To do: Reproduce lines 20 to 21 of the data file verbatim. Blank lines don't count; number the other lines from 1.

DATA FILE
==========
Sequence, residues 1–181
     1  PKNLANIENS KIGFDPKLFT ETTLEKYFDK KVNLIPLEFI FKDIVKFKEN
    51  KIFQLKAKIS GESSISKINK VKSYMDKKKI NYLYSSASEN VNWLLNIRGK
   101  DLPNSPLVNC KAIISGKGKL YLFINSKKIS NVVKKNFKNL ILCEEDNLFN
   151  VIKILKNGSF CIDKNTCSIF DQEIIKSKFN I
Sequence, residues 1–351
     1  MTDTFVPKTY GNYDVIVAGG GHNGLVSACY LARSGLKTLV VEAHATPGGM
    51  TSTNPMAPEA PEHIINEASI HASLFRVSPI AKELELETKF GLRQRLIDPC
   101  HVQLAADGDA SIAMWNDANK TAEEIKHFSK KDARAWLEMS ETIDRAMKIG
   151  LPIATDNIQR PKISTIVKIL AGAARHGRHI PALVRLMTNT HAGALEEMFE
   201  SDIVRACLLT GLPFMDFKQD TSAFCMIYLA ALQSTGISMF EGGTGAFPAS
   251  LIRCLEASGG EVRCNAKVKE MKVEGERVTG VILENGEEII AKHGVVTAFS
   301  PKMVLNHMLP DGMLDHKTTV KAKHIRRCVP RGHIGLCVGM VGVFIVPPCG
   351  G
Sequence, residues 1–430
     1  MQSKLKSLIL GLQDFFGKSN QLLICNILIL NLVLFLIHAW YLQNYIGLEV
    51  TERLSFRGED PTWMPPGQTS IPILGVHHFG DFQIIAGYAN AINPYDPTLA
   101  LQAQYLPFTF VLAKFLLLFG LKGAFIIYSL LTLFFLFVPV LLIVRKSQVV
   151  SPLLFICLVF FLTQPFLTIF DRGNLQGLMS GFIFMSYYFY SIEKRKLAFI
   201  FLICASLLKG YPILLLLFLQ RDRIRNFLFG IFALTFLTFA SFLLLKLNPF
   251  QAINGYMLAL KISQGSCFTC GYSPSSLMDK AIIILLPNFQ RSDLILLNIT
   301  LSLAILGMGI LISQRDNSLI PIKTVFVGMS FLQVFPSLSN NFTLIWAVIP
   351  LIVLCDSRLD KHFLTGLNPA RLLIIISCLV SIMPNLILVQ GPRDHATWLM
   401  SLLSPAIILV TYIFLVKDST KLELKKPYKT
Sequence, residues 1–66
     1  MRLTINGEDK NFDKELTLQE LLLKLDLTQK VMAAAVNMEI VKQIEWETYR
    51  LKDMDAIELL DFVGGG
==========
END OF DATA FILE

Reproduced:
   201  FLICASLLKG YPILLLLFLQ RDRIRNFLFG IFALTFLTFA SFLLLKLNPF
   251  QAINGYMLAL KISQGSCFTC GYSPSSLMDK AIIILLPNFQ RSDLILLNIT